Simple H323Plus/OpenH323 Tutorial

by Vladimir Toncar

Text version: 1.1-1
Tutorial application version: 1.1-1 (builds with both H323 Plus and OpenH323)

 

Spanish version by Javier Roca.

1 Introduction

Welcome to the Simple H323Plus/OpenH323 Tutorial. The aim of this work is to describe and explain several PWLib- and H323Plus- related programming techniques, starting with the basic ones and later discussing one of the more advanced topics.

The tutorial has been updated to compile with H323 Plus, but you can still use it with OpenH323. The names H323 Plus and OpenH323 are used interchangeably throughout the text.

The application that accompanies this tutorial has been designed as a compromise between simplicity and functionality. The application has to be easy to study. Because of that, it should focus on presenting the core techniques and leave out additional features. On the other hand, the application should have at least some practical functionality. The result is a simple application called oh323tut. It works as an OpenH323-based WAV file player: you call it from an H.323 telephone and it will play a WAV file to you over the H.323 connection.

The tutorial shows how to use PWLib and H323Plus/OpenH323 to:

  • derive an application class;
  • parse command-line options;
  • derive an H.323 endpoint class;
  • initialize the endpoint;
  • customize the behavior of the endpoint using virtual methods;
  • read audio data from a WAV file and handle correct timing.

The reader is expected to have a basic knowledge of H.323 (endpoints, aliases, basic call signaling). Also, the reader should be familiar with C++, and to be specific, a good understanding of polymorphism is needed.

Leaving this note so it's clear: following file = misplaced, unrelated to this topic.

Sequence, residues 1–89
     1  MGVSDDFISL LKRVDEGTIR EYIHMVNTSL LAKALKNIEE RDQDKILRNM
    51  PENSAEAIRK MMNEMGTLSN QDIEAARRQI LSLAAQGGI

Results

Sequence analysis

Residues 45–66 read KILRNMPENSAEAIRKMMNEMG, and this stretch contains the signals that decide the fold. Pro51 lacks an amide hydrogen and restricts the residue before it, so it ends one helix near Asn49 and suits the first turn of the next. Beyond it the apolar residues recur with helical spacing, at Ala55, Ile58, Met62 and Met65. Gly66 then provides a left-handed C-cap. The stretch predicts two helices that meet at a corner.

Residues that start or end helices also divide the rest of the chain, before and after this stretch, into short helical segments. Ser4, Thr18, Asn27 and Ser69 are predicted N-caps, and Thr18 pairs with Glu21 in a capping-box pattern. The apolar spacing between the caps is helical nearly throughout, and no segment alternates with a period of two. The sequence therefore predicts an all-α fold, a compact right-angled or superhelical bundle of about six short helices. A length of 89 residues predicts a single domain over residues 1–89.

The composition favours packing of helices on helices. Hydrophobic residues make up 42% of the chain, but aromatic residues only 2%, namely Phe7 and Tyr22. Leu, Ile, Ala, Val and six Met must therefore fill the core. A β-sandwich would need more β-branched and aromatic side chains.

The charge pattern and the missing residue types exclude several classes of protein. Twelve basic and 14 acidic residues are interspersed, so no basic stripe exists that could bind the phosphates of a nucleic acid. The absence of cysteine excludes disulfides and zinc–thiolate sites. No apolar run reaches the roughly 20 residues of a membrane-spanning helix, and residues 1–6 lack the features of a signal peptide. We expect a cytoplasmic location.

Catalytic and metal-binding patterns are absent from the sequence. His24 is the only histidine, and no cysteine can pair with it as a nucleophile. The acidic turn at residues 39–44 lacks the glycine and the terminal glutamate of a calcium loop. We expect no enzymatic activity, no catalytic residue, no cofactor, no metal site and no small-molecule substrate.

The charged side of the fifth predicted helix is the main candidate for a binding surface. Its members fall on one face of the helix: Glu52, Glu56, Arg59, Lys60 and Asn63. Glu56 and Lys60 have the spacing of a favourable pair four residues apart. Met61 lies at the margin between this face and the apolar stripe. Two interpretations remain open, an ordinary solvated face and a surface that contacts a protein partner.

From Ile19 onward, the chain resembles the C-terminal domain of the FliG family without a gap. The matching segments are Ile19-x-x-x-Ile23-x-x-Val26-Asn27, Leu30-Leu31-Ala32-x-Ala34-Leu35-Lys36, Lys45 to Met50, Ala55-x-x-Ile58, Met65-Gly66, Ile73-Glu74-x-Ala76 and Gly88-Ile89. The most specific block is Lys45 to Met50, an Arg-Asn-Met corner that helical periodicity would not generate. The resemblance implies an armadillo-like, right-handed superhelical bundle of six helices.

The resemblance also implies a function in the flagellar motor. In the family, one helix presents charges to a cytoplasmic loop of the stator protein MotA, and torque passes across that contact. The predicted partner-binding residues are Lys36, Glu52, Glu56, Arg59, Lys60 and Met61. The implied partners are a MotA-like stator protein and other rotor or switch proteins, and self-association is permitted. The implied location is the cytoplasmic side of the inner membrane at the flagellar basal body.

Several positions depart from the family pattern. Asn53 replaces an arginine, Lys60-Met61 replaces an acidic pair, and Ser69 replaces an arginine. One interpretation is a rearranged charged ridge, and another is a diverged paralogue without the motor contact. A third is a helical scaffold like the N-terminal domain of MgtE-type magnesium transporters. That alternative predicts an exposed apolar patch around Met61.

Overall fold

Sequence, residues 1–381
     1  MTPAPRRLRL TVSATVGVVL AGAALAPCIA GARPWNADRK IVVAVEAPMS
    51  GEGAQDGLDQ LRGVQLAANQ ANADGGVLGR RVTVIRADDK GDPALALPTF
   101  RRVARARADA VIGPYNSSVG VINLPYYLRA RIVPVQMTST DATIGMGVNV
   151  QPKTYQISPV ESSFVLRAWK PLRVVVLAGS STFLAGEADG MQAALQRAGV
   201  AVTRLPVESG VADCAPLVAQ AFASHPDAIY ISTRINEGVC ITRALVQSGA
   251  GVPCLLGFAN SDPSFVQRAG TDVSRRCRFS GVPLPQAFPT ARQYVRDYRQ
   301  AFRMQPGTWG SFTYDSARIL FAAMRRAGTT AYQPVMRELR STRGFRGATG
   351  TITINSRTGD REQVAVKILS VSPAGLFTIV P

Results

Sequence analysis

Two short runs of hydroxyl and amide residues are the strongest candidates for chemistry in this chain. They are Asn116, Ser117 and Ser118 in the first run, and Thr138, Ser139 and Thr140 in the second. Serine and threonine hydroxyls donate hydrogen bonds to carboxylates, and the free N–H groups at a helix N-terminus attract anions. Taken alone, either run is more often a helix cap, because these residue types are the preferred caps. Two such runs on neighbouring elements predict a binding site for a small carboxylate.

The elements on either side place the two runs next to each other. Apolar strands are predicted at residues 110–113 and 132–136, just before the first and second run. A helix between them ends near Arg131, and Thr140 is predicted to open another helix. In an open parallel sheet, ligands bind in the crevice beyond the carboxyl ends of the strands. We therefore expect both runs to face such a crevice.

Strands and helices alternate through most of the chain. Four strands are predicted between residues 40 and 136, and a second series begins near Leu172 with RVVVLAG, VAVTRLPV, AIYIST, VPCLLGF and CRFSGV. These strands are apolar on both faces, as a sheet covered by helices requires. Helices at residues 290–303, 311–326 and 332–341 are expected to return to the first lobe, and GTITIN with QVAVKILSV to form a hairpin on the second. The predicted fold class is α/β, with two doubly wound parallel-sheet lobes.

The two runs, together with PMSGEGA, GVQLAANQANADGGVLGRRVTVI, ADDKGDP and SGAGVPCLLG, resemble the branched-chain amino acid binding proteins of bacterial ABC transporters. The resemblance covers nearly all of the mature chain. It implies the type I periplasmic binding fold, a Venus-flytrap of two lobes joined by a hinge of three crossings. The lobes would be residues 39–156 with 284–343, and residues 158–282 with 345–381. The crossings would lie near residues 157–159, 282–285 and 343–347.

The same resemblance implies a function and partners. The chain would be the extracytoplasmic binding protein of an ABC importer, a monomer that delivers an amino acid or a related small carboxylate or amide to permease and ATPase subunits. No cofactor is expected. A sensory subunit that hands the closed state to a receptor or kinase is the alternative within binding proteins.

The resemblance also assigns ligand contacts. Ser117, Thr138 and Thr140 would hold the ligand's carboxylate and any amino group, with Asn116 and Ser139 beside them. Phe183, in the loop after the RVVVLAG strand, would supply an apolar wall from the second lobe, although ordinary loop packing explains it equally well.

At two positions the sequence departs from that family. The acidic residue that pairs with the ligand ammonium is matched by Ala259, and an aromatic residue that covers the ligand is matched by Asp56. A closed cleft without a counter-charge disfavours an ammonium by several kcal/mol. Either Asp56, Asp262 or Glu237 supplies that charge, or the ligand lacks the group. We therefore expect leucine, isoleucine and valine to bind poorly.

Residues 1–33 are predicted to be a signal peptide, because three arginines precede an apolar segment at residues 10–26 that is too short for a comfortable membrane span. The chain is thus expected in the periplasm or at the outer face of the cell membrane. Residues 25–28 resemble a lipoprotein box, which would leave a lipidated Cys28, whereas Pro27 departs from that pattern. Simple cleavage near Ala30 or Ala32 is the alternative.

The tutorial application has been developed on Linux. It should work out of the box on most Unix-based operating systems and a very few changes are needed to port it to the Win32 environment.

The tutorial starts with a brief description of how to compile PWLib, H323Plus/OpenH323, and the tutorial application (oh323tut) on a Linux/Unix system in Section 2.

Section 3 contains a brief user manual for oh323tut. If you only wish to try out OpenH323 and need oh323tut as an receiving endpoint for calls made from e.g. ohphone, then Sections 2 and 3 are all you need to look at.

Section 4 deals with oh323tut's application class. It explains how to derive the application class from PWLib's class PProcess, how to parse command-line options, etc.

Section 5 describes the H.323 endpoint class and it covers topics like deriving the class, initializing the endpoint (listening at a given port number, setting aliases, choosing codecs, etc.), and using virtual methods to alter the behaviour of the endpoint class.

Section 6 explains how to read audio data from a WAV file using a channel class. This is the most complex section of the tutorial, as it covers the adaptive timing problem.

1.1 Typographic Conventions

The following typographic conventions are used in this text:

  • file names, code snippets, and command-line input are set in typewriter font, e.g. pconf.h, make bothdepend;
  • variable names, function names, method names, and application names are set in italics. e.g. fileName, main(), ohphone;
  • class names are set in normal font, e.g. PProcess, MyEndPoint.

1.2 Copyright Information

The Simple OpenH323 Tutorial is Copyright (c) 2002-2003 Vladimir Toncar, Ph.D. All rights reserved. No part of this tutorial may be reproduced without the prior permission from the author.

The application that accompanies this tutorial (oh323tut) is published under the terms of the Mozilla Public License Version 1.1. You may obtain a copy of the License at http://www.mozilla.org/MPL/.

All trademarks and registered trademarks are the property of their respective owners.

1.3 Contact Information

Please send comments regarding this tutorial to oh323tut [at] toncar.cz.

 

Next: 2 Building the Application